It might seem that Citi Bike racks — empty or otherwise — have always lined Hell’s Kitchen’s streets, but today the wildly popular urban bike share app celebrates its 10th anniversary, marking a decade of significant change in the way New Yorkers get around.
Originally proposed as an alternative transit service by the Department of Transportation in 2008, Citi Bike officially launched as a public-private partnership with $70 million sponsorship from Citi Bank on May 27, 2013, following years of delays due to software issues and damage from Hurricane Sandy in 2012. The inaugural day yielded just over 6,000 rides, but 10 years later the service has hit a new peak — clocking in 124,000 rides a day according to Streetsblog.
Enthusiasm for the two-wheeled amenity has skyrocketed since the start of the pandemic. In the week of March 1, 2020, the service averaged just over 335,000 rides per week, as compared with over 867,000 rides the week of May 7, 2023 (Streetsblog). Last week’s record-breaking rides are up 30 percent from the same period in May 2022 (Curbed), but while some riders have only recently embraced Citi Bike as a socially-distanced, sustainable alternative to the city’s inconsistent subway and bus service, others hopped on from the very beginning.
“Before Citi Bike came along I would buy bikes from the KMart at Astor Place and they would get stolen about once a year,” City Council Member Erik Bottcher, a frequent Citi Bike user, told W42ST. “I would never pay more than $100 for a bike because I knew that it would eventually get stolen — because I left it on the street and didn’t have room for it in my apartment. When Citi Bike came along, it allowed me to bike around the city without having to go through all of that. On the first day of Citi Bike service I opened an account and took out a bike. I’ll never forget the way people would point at the bike as I rode by. It was all very new and exciting.”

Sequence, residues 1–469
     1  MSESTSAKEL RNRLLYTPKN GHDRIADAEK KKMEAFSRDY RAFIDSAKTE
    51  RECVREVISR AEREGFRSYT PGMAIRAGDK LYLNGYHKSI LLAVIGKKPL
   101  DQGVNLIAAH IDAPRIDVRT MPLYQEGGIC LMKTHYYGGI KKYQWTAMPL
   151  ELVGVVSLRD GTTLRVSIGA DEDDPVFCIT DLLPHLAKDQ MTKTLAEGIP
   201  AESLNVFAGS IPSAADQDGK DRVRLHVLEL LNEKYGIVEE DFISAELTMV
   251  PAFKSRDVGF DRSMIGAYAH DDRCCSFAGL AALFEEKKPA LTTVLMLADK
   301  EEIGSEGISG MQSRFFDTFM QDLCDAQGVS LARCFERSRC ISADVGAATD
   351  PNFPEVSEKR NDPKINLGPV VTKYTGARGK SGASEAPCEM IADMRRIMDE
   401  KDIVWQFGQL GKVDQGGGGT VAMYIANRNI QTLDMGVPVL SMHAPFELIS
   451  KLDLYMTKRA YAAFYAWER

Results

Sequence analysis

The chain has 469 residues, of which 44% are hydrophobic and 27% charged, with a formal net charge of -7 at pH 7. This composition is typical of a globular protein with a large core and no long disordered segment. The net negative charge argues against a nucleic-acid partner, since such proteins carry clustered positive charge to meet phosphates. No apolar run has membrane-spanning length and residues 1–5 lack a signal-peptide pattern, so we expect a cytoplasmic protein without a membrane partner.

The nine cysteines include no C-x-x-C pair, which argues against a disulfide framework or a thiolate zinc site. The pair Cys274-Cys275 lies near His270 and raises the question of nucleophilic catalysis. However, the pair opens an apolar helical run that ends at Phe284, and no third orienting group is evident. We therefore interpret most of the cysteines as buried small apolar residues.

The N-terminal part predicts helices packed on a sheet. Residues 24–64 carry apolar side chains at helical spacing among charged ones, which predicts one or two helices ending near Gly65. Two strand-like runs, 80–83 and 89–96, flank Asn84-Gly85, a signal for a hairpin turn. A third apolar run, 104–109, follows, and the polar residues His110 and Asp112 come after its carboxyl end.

“I was lucky enough to be a Founding Member and knew that this was a one-of-a-kind program that would succeed — and whether people like to admit it or not, it’s a success!” reader Cesar told W42ST, sharing a photo of his founding member keychain with us. “It reshaped my work commute, as it became my primary means of transportation unless the weather forced me to take the train.”
Hell’s Kitchen resident Charlie Todd, also a founding member and frequent cyclist, said he joined Citi Bike “the day that you could sign up in 2013,” adding: “Prior to the program launching, I had very rarely been on a bike in New York, and now I’m a total convert!” In addition to not having to worry about having a bike stolen, the speed and convenience of Citi Bike inspired him to become a daily rider. “I was shocked to see how quickly I could get from the UCB Theater in Chelsea to the East Village — it only took 13 minutes!” said Charlie. “People don’t realize how much longer it takes on the subway or bus in crosstown traffic.”